Not many people in Bangladesh would have October 17 marked in their calendar to mark the World Trauma Day, commemorated in solidarity with millions around the world carrying injuries sustained in various accidents or other such traumatic situations, and to raise awareness against the effects of psychological as well as physical trauma.
Although the day is commemorated in a number of countries around the world, including India where it was first held in 2011, the Bangladesh government has not yet bought in to the need to prioritise the day's stated objectives, such as measures to prevent road accidents that are often traumatic events. A handful of medical institutes and clinics do observe the day privately.
While the trauma patients receive possible treatment for physical injuries in clinics and hospitals, it is equally important to give attention to behavioural and psychological effects of the event. Cases of physical trauma induced from accidents keep rising in Bangladesh.
A report of Shipping and Communication Reporters Forum (SCRF) states that 4,361 individuals were injured in 2,159 road accidents across Bangladesh in just the first 6 months of 2019.
Earlier this year, the Bangladesh Jatri Kalyan Shamity, a platform of commuters and passengers, said 866 people were injured in some 203 road accidents recorded across the country between August 6 and 17 – the period covering the Eid-ul-Azha holidays.
In 2018 alone, a total of 15,980 people were wounded in different accidents across the country. These survivors of accidents with injuries are all potential victims of trauma.
According to the World Health Organization report, around 12 million people are killed in road accidents and more than 50 million people are injured worldwide.
Country Head of AO Foundation (Trauma) in Bangladesh Prof Dr M Amjad Hossain told UNB that there is a gap of management between urban and rural areas in providing care for the traumatised. "People wounded in different accidents need physical and mental care even after recovery. Because of our vast population and poor communication system, they are deprived," he said.
He added that there is an acute crisis of manpower to provide necessary care to the victims.
"Although the government is keen to take various measures for the rehabilitation of trauma-induced patients, those are not implemented properly due to mismanagement," said the former Head of Orthopaedic Surgery at Dhaka Medical College Hospital.
Patients who suffer severe injuries in the rural areas do not get the proper treatment and their conditions deteriorate over time on transfer to urban hospitals.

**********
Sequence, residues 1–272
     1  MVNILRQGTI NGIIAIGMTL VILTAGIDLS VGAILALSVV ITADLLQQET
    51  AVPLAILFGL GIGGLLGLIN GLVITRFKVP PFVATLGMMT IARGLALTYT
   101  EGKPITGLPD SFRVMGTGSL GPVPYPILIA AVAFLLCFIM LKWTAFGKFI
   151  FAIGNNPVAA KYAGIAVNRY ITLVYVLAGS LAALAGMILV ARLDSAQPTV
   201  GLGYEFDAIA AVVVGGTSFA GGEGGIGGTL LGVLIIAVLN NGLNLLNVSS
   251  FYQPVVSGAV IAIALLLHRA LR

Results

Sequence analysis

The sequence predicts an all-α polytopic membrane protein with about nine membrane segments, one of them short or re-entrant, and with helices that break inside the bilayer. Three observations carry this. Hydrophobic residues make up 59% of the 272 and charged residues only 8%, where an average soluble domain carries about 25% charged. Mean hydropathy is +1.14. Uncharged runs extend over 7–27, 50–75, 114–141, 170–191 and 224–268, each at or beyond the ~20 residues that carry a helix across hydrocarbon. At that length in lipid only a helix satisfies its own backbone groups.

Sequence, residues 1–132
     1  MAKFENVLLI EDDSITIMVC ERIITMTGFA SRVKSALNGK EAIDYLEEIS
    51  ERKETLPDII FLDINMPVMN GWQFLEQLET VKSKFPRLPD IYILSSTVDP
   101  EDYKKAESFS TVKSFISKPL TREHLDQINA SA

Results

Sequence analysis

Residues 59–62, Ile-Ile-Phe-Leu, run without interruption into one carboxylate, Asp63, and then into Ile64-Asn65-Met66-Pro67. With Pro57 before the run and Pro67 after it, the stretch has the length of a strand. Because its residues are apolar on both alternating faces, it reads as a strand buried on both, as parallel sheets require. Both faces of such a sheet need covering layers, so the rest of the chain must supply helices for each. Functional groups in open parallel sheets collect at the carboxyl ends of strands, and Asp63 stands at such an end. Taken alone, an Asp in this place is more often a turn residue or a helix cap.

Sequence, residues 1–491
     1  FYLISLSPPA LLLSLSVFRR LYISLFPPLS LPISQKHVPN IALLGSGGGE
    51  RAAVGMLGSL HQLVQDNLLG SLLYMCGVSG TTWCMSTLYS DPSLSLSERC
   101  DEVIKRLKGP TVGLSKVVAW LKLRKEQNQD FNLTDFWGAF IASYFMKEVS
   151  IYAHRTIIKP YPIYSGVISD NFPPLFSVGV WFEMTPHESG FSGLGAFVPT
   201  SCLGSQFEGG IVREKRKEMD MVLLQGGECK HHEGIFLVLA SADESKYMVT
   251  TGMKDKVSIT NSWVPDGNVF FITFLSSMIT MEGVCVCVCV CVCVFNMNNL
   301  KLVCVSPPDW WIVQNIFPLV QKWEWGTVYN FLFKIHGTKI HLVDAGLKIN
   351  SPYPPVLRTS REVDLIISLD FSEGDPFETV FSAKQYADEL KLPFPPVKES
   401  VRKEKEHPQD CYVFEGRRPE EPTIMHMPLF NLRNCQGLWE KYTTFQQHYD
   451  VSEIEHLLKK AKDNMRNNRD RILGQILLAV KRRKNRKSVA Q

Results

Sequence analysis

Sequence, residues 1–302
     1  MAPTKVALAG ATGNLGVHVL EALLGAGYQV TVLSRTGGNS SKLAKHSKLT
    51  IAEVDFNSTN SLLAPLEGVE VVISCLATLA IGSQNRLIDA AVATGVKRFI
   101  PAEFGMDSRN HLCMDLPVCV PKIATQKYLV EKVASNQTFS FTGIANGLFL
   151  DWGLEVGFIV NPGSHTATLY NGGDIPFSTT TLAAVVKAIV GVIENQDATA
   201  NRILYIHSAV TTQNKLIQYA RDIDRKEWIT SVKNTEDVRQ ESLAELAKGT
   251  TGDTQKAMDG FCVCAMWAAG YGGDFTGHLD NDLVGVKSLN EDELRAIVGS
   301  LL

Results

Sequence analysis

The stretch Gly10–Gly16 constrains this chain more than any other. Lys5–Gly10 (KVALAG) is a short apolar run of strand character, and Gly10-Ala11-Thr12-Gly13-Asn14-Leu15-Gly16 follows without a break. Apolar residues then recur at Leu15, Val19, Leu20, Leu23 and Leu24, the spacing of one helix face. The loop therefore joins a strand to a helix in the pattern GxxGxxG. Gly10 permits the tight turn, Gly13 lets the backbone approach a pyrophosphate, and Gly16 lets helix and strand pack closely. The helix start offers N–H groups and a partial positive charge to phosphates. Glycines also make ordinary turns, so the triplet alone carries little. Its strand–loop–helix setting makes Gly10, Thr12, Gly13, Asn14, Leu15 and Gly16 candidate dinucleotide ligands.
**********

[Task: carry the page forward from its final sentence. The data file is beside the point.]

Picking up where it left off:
It is said whenever an accident occurs, the first one hour is the 'golden hour' because if proper medical care can be provided to the injured within this time, the possibilities of recovery increase greatly. "Patients suffering the trauma of accident need imminent medical attention and in long term they need mental support," Dr Hossain said.
"Everyone must start working to put an end to road accidents now. An awful lot people get injured, disfigured and traumatised because of falling victims to accidents," he said.
He further said the private initiatives to provide support are also inadequate. "There is no planning although to help the traumatised patients as well as to raise awareness we have to work in a planned and articulated way," Dr Hossain said.
Apart from physical damage, the psychological trauma of an accident can scar the patient for rest of his life and it is a matter of sorrow that in Bangladesh, the necessity of psychological support to patients is highly neglected.
"There are a lot of physically challenged patients who had fallen victims to accidents. The negative impact of the accident leaves them in mental trauma even after the recovery. They require proper counselling and psychological support but the public neglect this side of treatment," Dr Hossain told UNB.
Experts believe that the World Trauma Day should be observed more widely across the country so that people become aware and take the best precautions to prevent accidents.
"All government and private institutions and organisations should come forward to observe the day to create awareness among people. Media can play a key role here," said Dr Amjad Hossain.
Views of Prof Mahjabeen Haque, Chairperson of Educational and Counselling Psychology Department at Dhaka University (DU), resonated with this statement.
"The more we will make people aware about it, the more they will speak out and seek help," she told UNB.
Prof Mahjabeen believes mental traumas which do not occur from physical wounds should be addressed.
"Sometimes trauma can trigger without any physical injury even. Traumatic incidents held over from one's childhood, such as abuse or a particularly strong rebuke, can hamper a person's development in later life," she said.
Prof Mahjabeen mentioned that handling trauma patients require expertise in the field and Bangladesh lacks the manpower. She also spoke about new measures to provide care for trauma patients and its introduction in Bangladesh.
"To help the trauma patients, Eye Movement Desensitization and Reprocessing (EMDR) is an effective psychotherapy. In Bangladesh there are 40 psychiatrists who have received level-2 training from abroad to provide the treatment but it's not enough," she told UNB.
"Among general people, there're confusions about trauma. It's something that can deeply affect a person's mental health without showing any sign outside. PTSD and depression are sometimes inevitable for a trauma patient," the DU teacher added.
Experts think the sooner people recognise trauma and its effect, the better it will be for the country. The state, private sectors and the public should work hand-in-hand in creating awareness and providing care to the victims.